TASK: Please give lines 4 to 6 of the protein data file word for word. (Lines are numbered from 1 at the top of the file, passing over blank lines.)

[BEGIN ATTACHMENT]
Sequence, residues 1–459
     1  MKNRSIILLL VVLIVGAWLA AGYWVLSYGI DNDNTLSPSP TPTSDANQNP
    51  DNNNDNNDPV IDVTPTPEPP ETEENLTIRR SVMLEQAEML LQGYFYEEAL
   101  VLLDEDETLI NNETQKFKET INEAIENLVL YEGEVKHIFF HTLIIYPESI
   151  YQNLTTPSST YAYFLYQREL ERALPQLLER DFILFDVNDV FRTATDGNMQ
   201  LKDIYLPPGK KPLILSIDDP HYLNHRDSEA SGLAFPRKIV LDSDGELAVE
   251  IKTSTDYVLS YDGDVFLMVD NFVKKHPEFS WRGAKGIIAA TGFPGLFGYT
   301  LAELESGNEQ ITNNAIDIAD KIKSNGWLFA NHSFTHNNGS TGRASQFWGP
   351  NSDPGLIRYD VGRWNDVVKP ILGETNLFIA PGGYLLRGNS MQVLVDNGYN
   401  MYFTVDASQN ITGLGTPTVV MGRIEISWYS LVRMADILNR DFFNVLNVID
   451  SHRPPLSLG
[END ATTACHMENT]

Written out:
   101  VLLDEDETLI NNETQKFKET INEAIENLVL YEGEVKHIFF HTLIIYPESI
   151  YQNLTTPSST YAYFLYQREL ERALPQLLER DFILFDVNDV FRTATDGNMQ
   201  LKDIYLPPGK KPLILSIDDP HYLNHRDSEA SGLAFPRKIV LDSDGELAVE